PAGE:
Regrettably, the September 11 attack has proven the immediate effect of terrorism on international commerce and the government sector.
Terrorist motives may vary from religious extremism to nationalism and ideology. But what is most alarming today is the sudden shift of the object of terrorist attacks from government to business establishments. The change results from four basic reasons, namely:
- Terrorists consider private businesses as soft targets
- Terrorists increase political pressure by targeting private businesses
- Terrorists challenge government’s ability to protect business in particular and society in general
- Terrorist activities generate extensive media exposure
For instance, data centers, central monitor systems, transport, power and communication systems are all susceptible to sabotage resulting in extensive damage and disruption of essential services. These are key security points and are probable targets where a comparatively small device can inflict much damage and destruction.
Knowing organizational vulnerabilities to terrorism and recent events, however, does not diminish the threat of terrorism. It is imperative to accept the fact that terrorism can be damaging to business and lead to tragic results and financial losses.
The impact of terrorism on business can lead to losses in:
- People (personnel, customers and contractors)
- Assets (building and contents)
- Information (electronic databases and other storage)
- Processes (customer and financial transactions)
- Systems (Information Technology)
Who are the terrorists?
Knowing and understanding the intentions and capabilities behind the terrorist group—what, when and how they may attack—are essential elements of information needed to assess the risk to you, your personnel and your business.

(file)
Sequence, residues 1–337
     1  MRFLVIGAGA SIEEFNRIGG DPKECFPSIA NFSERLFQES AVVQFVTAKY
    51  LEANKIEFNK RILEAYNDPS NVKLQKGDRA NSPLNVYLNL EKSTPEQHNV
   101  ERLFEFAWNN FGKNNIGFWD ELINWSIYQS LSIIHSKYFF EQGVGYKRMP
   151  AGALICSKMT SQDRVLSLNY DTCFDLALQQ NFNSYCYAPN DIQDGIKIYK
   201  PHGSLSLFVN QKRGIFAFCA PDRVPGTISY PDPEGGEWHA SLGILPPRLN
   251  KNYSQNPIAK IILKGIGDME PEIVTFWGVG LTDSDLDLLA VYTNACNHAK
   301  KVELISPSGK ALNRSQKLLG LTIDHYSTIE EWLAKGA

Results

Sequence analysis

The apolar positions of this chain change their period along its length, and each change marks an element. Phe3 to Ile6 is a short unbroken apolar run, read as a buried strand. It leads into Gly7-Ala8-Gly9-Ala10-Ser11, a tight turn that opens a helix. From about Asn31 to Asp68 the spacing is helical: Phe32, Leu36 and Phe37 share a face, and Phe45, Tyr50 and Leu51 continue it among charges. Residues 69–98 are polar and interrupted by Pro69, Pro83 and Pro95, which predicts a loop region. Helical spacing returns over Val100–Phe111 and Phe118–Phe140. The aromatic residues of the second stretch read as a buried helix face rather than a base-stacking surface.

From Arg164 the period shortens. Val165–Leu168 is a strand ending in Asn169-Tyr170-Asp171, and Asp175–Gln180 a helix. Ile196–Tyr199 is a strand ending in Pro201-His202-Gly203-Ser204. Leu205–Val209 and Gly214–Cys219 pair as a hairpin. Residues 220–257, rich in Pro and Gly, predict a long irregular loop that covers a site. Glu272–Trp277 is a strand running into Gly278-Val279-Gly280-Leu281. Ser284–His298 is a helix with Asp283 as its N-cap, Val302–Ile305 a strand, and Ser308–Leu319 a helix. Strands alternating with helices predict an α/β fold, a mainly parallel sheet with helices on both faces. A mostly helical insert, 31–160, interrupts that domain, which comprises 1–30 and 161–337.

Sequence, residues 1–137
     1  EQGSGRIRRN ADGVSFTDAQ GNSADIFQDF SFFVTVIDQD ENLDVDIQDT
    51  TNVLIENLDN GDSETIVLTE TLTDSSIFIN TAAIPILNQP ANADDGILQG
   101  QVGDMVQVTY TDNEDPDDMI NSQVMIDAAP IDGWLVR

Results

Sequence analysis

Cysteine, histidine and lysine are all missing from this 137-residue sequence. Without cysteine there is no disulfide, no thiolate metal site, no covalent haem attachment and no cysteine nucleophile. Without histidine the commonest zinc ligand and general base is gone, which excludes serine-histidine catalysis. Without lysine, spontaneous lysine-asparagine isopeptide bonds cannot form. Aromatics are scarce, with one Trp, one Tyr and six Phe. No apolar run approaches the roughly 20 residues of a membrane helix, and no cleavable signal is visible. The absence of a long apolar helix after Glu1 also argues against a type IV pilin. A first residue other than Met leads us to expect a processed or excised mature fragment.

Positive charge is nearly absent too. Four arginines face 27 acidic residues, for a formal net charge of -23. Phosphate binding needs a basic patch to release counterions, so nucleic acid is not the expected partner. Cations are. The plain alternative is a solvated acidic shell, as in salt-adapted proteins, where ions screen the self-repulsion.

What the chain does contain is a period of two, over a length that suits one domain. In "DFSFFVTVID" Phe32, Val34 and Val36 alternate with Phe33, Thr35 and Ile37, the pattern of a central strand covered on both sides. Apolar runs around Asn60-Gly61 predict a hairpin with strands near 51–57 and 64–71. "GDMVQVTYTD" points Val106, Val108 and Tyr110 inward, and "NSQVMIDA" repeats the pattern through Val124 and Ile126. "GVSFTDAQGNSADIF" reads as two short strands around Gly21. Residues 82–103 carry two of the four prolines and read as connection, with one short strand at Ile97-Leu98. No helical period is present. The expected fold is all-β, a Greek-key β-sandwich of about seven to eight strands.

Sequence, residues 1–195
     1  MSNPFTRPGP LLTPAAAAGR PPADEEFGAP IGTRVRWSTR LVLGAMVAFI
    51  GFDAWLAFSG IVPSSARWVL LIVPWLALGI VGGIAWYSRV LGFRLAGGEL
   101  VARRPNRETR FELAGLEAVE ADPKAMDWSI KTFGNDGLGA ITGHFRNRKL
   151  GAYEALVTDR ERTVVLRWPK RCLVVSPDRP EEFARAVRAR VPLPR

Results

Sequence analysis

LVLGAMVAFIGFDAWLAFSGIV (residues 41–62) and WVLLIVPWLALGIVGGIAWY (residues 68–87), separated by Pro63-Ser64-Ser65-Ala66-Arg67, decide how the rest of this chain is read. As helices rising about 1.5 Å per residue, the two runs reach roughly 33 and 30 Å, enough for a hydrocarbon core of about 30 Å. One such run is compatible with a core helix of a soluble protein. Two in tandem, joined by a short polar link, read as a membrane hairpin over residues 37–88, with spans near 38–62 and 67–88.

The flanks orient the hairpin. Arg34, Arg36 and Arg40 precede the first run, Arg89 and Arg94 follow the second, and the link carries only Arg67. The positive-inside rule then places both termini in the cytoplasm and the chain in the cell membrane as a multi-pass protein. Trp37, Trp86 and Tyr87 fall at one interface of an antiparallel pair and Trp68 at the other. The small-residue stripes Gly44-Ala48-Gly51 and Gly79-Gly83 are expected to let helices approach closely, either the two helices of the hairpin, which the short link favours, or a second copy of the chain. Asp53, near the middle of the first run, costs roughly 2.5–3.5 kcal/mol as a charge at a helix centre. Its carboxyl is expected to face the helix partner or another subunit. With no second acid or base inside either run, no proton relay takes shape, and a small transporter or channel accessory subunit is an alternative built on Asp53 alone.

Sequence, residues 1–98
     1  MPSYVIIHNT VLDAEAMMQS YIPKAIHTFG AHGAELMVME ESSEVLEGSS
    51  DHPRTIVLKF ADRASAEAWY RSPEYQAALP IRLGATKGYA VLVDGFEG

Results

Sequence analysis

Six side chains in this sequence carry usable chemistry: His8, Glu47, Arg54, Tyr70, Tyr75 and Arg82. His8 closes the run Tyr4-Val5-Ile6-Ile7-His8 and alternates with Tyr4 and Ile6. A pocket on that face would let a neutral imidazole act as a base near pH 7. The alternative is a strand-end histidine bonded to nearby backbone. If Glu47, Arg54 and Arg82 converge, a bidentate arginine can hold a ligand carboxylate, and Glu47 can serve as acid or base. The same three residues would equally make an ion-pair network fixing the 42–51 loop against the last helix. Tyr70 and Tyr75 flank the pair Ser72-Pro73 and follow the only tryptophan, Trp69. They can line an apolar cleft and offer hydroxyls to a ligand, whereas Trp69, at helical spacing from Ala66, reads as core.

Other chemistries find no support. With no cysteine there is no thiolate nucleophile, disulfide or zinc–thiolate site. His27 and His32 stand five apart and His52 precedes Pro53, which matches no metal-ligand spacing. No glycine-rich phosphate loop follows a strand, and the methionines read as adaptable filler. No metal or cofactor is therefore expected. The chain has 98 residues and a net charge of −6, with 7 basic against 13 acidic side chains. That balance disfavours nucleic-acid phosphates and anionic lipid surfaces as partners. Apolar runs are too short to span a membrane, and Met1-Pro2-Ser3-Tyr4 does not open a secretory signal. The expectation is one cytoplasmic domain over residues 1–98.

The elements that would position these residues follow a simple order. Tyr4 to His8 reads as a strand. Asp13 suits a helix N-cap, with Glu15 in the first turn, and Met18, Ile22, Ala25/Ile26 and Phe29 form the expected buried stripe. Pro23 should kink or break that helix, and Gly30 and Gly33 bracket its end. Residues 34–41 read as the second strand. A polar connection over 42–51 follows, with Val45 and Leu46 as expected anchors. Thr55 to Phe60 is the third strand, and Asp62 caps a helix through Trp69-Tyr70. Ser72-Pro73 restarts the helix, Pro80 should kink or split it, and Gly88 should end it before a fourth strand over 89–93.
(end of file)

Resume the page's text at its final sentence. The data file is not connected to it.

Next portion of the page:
Admittedly, business organizations face multiple risks ranging from simple crimes such as theft to intense market competition. A clear understanding and knowledge of how terrorism works is therefore imperative because terrorists can strike at any target anytime and any place of their choice.
How to respond effectively would mean knowing who the terrorists are and what are their motives and methods of attack. Even if their methods and motives are known, it is extremely difficult to determine their target and when they will strike. To do so requires a well-organized and large-scale method of eliciting vital information about the terrorists.
It is a common knowledge that the capability of private corporations and their security components has always been limited to crime and loss prevention. A package of thorough and essential security measures should be put in place if we are to consider high-risk events such as terrorism. This necessitates a change in security strategy, structure, functions and organizational security culture from its outmoded and traditional tasks of crime and loss prevention as highlighted by E.P. Borodzic in his article, “Security and Risk: A Theoretical Approach to Managing Loss Prevention”, published in the International Journal of Risk, Security and Crime Prevention (1996):
“The security industry is beginning to change in function and application. The narrow traditional task of security was crime and loss prevention but this defined role has broadened considerably to include health and safety, risk assessment and risk management components. The simplistic conception of security as control over physical access to organization and the controlled movement of property may have been adequate twenty years ago. Today it includes a much larger range of risks, such as fraud, terrorism and disaster contingency planning.”
Impact of terrorism on business